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The Daily Wildcat

The Daily Wildcat

 

    ‘Queen’ provides insight into enigmatic royals

    As the title suggests, Stephen Frears’ new film, “”The Queen,”” is indeed about Queen Elizabeth II, played with dazzling brilliance by Helen Mirren. But the film is much more than that. It’s far and away the most riveting and surprising movie of the year.

    It’s hard to describe this remarkable film. It’s often bitingly hilarious, but it’s not exactly a comedy.

    The opening scene presents Britain’s newly elected, young prime minister, Tony Blair (Michael Sheen), preparing to meet the queen,who treats Blair with a distinct frostiness. “”You’re my 10th prime minister,”” she informs him. “”My first was Winston Churchill.”” Blair smiles nervously and twists in his seat. With his youth and inexperience, he’s out of place.

    Overnight, though, the peaceful world of Buckingham Palace is turned upside-down by a cataclysmic event and Blair is suddenly thrust into the limelight. The event, of course, is the death of Princess Diana.

    “”Will someone save these people from themselves!”” Blair explodes upon learning that the queen refuses to hold a public funeral and plans to issue no statement about the one-time heiress’ death.

    Diana, who had left the family only one year before, had not endeared herself to the royal family, but the world – much to the royals’ disgust – continues to adore her, which Blair captures when he calls her “”the people’s princess.””

    lowdown
    ‘The Queen’
    Rated PG-13
    97 minutes
    Pathe Pictures

    I never realized what it meant for Diana to be presented with such a title. Despite her lavish lifestyle, Diana – born a commoner and ultimately scorned as one by the royals – was loved by the world in a way the Queen never was, and the royals’ cold, unfeeling response to her death set off the most widespread anti-monarchism England had seen in decades.

    When crowds begin to swell outside Buckingham Palace, the mood turns ugly. A nationwide poll finds that one in four Britons are in favor of abolishing the monarchy.

    When a scriptwriter slips the word “”revolution”” into a speech, Blair jolts like he’s been struck by lightning.

    “”She’s more annoying dead than alive!”” snarls Prince Philip (James Cromwell) of his late ex-daughter-in-law. Appalled by the elaborate funeral arrangements, he moans that the place will be stocked with “”soap stars and homosexuals.””

    Meanwhile, Prince Charles (played to pathetic perfection by Alex Jennings; his entire voice seems to be one long whimper) struggles to comfort his (unseen) sons while collapsing into regular fits of self-pity and despair.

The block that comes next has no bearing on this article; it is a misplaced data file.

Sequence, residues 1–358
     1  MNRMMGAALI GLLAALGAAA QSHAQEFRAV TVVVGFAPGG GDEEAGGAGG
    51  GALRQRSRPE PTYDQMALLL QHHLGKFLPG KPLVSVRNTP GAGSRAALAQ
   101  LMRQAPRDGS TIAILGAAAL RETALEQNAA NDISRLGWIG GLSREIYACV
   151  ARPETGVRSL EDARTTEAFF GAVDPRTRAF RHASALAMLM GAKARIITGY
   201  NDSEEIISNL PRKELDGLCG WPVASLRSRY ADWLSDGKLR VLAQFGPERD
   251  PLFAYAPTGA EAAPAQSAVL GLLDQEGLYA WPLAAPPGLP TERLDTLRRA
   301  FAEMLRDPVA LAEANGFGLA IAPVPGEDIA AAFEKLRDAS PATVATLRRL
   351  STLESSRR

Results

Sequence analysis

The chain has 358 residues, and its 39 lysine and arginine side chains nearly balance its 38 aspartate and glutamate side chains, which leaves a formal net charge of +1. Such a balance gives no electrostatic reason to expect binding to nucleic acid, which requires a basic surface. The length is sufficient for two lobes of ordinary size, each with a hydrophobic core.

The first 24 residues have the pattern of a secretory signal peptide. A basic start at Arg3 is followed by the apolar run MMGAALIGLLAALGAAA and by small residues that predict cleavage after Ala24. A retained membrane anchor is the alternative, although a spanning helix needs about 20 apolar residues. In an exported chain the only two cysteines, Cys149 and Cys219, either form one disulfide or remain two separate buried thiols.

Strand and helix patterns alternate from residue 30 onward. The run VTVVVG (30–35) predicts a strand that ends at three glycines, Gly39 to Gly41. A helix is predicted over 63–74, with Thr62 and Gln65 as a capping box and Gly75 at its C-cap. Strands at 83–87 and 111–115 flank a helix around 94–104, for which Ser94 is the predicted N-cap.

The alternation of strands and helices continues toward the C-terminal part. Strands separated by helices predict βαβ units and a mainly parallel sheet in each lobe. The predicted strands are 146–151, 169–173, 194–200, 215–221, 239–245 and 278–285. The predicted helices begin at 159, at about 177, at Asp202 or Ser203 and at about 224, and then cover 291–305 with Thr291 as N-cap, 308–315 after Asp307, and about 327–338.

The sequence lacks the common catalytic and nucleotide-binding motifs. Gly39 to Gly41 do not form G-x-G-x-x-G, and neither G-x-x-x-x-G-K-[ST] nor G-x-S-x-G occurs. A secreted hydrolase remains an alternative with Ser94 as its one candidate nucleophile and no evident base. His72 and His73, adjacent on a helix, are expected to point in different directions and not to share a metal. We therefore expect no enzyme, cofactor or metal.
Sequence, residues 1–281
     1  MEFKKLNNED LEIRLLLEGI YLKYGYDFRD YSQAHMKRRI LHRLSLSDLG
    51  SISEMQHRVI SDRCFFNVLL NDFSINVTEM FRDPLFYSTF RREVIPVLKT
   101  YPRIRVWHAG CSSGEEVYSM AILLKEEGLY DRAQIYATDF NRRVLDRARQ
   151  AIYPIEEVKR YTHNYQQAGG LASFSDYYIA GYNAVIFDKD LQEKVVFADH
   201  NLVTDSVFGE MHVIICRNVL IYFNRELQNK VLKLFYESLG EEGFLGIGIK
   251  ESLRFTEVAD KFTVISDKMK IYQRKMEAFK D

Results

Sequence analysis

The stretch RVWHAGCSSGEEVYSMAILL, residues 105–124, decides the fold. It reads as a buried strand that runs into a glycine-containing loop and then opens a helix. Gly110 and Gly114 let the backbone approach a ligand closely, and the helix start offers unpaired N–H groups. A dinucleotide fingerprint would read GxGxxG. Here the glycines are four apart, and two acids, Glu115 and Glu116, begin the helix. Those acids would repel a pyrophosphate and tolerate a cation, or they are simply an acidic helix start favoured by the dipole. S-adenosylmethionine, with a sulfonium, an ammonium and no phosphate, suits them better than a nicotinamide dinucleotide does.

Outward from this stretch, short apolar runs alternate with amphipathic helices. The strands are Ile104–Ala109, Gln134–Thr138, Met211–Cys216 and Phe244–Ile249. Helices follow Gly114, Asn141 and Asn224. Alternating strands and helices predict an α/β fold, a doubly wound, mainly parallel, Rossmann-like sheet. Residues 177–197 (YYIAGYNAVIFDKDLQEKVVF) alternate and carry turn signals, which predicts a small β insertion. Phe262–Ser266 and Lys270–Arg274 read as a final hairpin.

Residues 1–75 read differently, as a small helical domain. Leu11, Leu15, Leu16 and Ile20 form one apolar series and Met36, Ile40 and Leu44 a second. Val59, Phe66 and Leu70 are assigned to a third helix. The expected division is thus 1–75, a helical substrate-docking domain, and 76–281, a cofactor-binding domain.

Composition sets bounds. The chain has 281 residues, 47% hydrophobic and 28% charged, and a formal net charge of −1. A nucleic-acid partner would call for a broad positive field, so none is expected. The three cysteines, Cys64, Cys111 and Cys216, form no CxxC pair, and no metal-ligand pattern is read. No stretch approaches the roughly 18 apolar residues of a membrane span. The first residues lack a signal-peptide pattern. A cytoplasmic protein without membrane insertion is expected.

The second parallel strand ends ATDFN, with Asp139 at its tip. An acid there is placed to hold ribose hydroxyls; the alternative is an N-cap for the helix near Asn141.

The performances are universally flawless. Sheen not only looks like Blair, he captures all of the young prime minister’s charm and energy – a brilliant contrast to the stuffy likes of Charles and Philip. At a time when the soon-departing Blair is widely despised for his support of President Bush’s Iraq War, it’s poignant to watch.

    The one royal who doesn’t come off as ridiculous is the queen herself. For the film’s first half, she seems cold and impenetrable – just as she has seemed to most people for the last six decades.

    But we gradually come to understand her and even admire her. In a world that no longer makes sense to her, she holds fast to her principles; in a crisis that, in a way, threatens her very existence, she ultimately responds with dignity.

    The film’s brilliance is that we come to understand both Blair and the queen – neither is fully right nor wrong. We can sympathize with Cherie Blair, who despises the royals as “”emotionally retarded nutters”” and wishes for an end to the monarchy, but when we see the queen walk in front of her palace and see the furiously scrawled messages, it’s heartwrenching.

    “”One day it will happen to you,”” the queen informs Blair. “”Quite suddenly and without warning.””

    The film breaks a taboo so subtle and unspoken that it may not at first be obvious, even if we feel it being broken. It treats contemporary characters with the same lack of regard films generally reserve for historical figures.

    The events in “”The Queen”” happened almost a decade ago, but anyone who lived through them still recalls them vividly. That’s the shock of the film: It’s like seeing the most familiar sight in the world – through the other end of the telescope.

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